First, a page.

Thursday, October 6, 2011

Occupy Wall Street....the End of Irony

I hereby declare the death of irony. Hipsters from every borough of New York City have converged on the financial district to “occupy Wall Street”. As if on cue, they have been joined by the usual Hollywood celebrities and various labor union bosses. Some have declared this to be a new “revolution” in America, a progressive answer to the Tea Party movement. While the Tea Party, as close as I could tell, was agitating for less and less government, the Occupy Wall Street crowd just can’t get enough of it. I checked out one of several lists of demands found on the official web site to get the flavor. The first four bullet points racked up a whopping 6 trillion in government spending. It takes a ton of money to raise the minimum wage to $20 an hour, give everyone a free college education, declare universal, single-payer health insurance for all, and guarantee every American a “living wage, regardless of employment”. Wow, a living wage guaranteed to me regardless of whether I work or not?? Sign me up!!! My personal favorite demand was an immediate default on “all debt”, whether its sovereign debt , college loan debt , or mortgage debt. How wonderful would that be? Although a problem might potentially arise when our defunded military-industrial-complex is faced with the Chinese army ,navy, and air force, who probably won’t be too thrilled with the fact that we just welched on over one trillion of Chinese government holdings. Still, imagine how cool it would be to tell all of your creditors to take a hike. Of course, if this idea ever did become law I would feel like a gigantic sap. 12 years ago when I built this house, the bank told me I could qualify for a $600,000 loan. But , like an idiot, I only borrowed $230,000. Can you imagine how much bigger a house I could have built if I had known that 12 years later my loan would be wiped out , thanks to a couple thousand college kids in New York??. Oh well, timing is everything.

So, why is this the death of irony? Watching and reading and listening to this thing unfold, and hearing the sad news of the death of Steve Jobs, it occurred to me that the Hipster generation has lost all connection to it's roots. We have been told that the home of irony is the hipster generation. Books have been written about it, the internet abounds with essential guides to Hipster Irony. And yet, practically everything I know about Occupy Wall Street has been delivered to me by products conceived and produced by the biggest, baddest capitalist enterprise on Earth…Apple Computer. Videos of all the action are filmed on I-Phones, dispatches posted to facebook via hipster i-pads and Macbooks, all the while, the sound track pounds through the earphones courtesy of i-pods. How could kids so manifestly anti-capitalist not see the profound irony in their complete devotion to and adoration of the products of a company so manifestly anti-union as Apple Computer ? But I give everyone of those kids up there a pass. Most of them are in their early twenties, and their active and eager minds have not yet been seasoned with enough life experience to save them from this sort of thing. But when the big-shots of labor unions start showing up at a movement whose goal it is to take down “Wall Street”. Well, then, that’s another story. Irony takes another blow at the sight of labor union bosses decrying the evil greed of Goldman Sachs, when their members’ pension plans are being managed by the very companies they seek to vilify. If a riot breaks out and the shares of US companies tank as a result, the rank and file union members will have their leaders to thank when they open their 401-K statements in January.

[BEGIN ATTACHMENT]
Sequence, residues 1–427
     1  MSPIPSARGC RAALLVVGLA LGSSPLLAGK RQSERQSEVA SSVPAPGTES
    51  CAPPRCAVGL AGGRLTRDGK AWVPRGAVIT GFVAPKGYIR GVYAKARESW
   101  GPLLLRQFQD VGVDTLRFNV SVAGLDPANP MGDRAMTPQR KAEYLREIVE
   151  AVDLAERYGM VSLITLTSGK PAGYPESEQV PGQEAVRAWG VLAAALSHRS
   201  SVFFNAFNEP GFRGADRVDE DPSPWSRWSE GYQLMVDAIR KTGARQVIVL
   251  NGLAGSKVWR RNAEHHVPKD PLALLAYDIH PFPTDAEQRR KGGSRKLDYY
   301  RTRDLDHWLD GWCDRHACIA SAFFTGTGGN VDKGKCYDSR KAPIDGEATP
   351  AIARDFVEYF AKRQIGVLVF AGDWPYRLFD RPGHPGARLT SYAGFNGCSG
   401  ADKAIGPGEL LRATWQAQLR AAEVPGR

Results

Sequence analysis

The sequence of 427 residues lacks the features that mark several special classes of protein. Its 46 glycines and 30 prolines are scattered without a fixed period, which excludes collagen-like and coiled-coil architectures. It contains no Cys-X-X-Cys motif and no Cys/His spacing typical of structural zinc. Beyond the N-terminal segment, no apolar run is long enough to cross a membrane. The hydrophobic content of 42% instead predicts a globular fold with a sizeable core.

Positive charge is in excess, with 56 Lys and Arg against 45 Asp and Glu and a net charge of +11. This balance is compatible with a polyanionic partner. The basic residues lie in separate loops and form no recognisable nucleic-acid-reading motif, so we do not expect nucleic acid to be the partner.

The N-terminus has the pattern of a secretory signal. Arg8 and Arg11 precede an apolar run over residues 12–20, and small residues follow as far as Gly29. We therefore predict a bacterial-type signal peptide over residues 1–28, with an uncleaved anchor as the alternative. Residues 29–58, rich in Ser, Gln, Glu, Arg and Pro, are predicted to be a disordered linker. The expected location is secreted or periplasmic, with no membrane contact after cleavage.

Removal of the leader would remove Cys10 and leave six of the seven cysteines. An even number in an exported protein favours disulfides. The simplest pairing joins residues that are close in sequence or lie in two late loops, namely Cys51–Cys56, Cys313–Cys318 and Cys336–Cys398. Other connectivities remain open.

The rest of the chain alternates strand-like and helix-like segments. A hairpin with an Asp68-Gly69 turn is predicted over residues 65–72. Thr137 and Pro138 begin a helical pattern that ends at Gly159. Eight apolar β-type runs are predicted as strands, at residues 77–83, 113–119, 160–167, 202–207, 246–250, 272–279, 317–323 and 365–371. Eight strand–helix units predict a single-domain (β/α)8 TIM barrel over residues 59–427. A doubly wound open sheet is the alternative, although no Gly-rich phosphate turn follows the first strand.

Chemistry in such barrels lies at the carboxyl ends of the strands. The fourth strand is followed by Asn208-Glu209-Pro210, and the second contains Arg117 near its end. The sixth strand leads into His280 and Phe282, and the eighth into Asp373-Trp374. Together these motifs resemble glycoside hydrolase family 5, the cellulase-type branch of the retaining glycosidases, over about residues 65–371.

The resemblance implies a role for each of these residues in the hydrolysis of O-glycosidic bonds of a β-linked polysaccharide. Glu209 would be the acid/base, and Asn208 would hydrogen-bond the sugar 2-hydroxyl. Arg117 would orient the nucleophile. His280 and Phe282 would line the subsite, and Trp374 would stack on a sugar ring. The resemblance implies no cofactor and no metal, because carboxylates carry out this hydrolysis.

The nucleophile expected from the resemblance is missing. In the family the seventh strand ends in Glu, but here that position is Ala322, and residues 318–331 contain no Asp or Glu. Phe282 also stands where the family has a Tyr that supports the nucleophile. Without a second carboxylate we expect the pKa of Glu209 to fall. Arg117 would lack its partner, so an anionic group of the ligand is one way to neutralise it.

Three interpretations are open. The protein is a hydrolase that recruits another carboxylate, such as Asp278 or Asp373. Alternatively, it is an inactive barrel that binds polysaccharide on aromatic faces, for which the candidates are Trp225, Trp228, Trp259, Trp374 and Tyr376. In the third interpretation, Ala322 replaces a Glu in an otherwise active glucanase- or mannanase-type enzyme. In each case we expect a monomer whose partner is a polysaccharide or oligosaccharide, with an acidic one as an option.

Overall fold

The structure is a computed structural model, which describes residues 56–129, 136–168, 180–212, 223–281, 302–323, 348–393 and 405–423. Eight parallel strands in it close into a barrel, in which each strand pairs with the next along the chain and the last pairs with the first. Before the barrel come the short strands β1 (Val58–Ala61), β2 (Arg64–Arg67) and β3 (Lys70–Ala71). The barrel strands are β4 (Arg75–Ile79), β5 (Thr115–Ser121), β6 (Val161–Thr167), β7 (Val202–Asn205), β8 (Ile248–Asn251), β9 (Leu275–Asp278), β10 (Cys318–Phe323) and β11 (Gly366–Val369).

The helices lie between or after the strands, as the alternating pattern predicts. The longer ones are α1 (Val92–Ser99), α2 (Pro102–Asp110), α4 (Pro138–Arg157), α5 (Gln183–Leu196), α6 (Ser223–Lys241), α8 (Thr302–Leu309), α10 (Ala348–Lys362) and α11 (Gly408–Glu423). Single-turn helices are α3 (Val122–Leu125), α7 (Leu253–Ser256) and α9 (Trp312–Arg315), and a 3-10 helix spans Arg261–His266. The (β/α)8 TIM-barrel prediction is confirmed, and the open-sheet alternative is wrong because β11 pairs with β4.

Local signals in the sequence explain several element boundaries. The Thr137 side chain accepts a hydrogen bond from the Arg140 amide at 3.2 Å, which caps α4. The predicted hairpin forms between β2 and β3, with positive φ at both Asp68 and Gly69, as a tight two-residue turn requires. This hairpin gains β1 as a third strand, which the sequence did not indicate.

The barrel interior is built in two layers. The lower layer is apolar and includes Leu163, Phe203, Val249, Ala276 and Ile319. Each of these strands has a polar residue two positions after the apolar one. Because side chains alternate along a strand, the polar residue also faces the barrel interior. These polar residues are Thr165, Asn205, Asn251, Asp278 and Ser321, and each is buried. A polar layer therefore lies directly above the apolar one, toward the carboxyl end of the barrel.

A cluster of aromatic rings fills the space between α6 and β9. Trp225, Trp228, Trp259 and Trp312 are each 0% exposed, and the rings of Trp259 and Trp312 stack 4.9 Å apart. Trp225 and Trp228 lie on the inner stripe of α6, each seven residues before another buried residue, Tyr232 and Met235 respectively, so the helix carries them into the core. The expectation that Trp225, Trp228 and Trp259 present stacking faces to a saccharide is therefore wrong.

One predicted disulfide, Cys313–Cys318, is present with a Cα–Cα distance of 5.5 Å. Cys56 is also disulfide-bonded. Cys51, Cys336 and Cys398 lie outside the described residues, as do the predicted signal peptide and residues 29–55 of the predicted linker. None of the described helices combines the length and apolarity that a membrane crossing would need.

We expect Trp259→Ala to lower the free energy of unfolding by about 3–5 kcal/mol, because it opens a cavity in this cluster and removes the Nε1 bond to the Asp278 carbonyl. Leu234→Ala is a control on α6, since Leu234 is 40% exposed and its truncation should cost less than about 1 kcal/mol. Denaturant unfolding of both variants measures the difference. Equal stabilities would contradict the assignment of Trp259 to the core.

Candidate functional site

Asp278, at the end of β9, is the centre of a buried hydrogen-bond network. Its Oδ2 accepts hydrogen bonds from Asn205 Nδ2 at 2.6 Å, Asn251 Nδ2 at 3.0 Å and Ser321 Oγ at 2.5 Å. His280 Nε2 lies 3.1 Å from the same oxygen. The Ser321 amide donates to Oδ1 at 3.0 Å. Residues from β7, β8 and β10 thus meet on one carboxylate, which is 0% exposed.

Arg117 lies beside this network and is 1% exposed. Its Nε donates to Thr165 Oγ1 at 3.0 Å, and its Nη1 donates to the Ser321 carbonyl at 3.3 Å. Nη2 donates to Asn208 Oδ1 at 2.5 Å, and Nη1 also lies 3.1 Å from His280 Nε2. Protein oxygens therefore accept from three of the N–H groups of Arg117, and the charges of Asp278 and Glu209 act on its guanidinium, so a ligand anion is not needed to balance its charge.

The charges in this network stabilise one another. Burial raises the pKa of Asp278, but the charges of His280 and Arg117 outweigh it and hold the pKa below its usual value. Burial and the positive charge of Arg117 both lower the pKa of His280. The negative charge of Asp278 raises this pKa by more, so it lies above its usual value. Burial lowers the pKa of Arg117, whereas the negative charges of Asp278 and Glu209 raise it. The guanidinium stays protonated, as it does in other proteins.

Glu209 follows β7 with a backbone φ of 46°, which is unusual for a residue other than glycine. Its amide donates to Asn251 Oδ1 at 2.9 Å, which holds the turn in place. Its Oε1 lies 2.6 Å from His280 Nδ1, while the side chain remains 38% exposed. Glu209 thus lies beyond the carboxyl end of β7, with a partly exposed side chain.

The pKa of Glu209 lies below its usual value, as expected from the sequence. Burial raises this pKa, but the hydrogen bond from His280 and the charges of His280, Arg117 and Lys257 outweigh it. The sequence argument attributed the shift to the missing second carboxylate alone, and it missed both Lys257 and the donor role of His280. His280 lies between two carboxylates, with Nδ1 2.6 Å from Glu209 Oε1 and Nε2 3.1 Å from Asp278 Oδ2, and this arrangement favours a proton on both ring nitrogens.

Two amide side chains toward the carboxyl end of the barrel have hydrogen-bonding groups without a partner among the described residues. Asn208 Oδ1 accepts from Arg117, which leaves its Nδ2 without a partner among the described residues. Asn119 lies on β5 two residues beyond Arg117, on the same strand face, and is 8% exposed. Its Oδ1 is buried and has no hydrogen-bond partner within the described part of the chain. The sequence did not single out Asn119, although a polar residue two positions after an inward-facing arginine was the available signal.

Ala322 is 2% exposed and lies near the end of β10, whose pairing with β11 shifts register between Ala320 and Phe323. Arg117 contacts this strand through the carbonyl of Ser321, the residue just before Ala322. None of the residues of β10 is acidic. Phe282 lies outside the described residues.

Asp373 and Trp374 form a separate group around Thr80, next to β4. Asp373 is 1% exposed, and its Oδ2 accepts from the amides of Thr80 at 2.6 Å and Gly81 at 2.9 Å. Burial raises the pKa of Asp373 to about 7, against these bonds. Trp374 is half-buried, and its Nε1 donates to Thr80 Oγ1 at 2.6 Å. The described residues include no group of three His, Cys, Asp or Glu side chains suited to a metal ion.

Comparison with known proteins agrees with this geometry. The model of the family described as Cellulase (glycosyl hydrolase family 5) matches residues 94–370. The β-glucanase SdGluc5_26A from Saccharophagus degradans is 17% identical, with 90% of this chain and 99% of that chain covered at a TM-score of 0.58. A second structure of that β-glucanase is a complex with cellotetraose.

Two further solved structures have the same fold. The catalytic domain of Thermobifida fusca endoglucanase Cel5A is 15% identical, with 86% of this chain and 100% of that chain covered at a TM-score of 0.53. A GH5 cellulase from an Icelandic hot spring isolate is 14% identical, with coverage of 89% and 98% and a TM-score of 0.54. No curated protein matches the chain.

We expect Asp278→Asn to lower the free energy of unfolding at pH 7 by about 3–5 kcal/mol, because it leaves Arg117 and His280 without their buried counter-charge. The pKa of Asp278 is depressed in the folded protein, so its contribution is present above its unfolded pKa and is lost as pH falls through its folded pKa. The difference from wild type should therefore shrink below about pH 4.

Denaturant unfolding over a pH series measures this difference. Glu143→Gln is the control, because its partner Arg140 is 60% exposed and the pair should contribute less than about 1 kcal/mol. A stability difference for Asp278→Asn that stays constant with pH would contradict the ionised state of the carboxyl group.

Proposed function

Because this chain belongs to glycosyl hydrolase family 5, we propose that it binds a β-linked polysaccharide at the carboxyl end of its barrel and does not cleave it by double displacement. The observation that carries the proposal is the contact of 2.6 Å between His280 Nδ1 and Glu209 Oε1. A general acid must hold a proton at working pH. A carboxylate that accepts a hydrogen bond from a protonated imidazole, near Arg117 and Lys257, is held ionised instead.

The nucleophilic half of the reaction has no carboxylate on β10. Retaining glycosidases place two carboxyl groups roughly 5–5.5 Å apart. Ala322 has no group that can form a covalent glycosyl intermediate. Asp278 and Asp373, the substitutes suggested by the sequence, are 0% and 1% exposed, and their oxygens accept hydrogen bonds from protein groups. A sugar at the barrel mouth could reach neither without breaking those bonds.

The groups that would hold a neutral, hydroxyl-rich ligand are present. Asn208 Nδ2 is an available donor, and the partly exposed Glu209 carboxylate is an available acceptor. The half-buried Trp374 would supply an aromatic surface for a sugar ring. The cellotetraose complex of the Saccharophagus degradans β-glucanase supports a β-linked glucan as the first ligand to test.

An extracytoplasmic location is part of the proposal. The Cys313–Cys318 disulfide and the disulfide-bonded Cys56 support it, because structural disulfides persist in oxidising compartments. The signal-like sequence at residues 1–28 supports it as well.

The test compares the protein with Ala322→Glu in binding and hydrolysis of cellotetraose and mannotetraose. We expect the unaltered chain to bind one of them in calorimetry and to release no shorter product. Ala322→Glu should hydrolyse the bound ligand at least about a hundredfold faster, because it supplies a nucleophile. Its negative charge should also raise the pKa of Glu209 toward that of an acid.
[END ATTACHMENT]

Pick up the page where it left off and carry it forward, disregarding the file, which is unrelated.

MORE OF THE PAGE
But, even though there are many reasons to roll the eyes at some of the stupidity on parade at Occupy Wall Street, there is an element of sincerity and righteous indignation for which I have great sympathy. They may have the wrong remedy, but their essential claim that something is terribly wrong with our financial system is true. At 53 I understand that the problem isn’t as simple and its solution isn’t as easy as demonizing banks, or even politicians. There is blood on all of our hands for the mess in which we find ourselves. Greed isn’t the sole possession of the rich, just as laziness and looking for a handout isn’t the sole possession of the poor.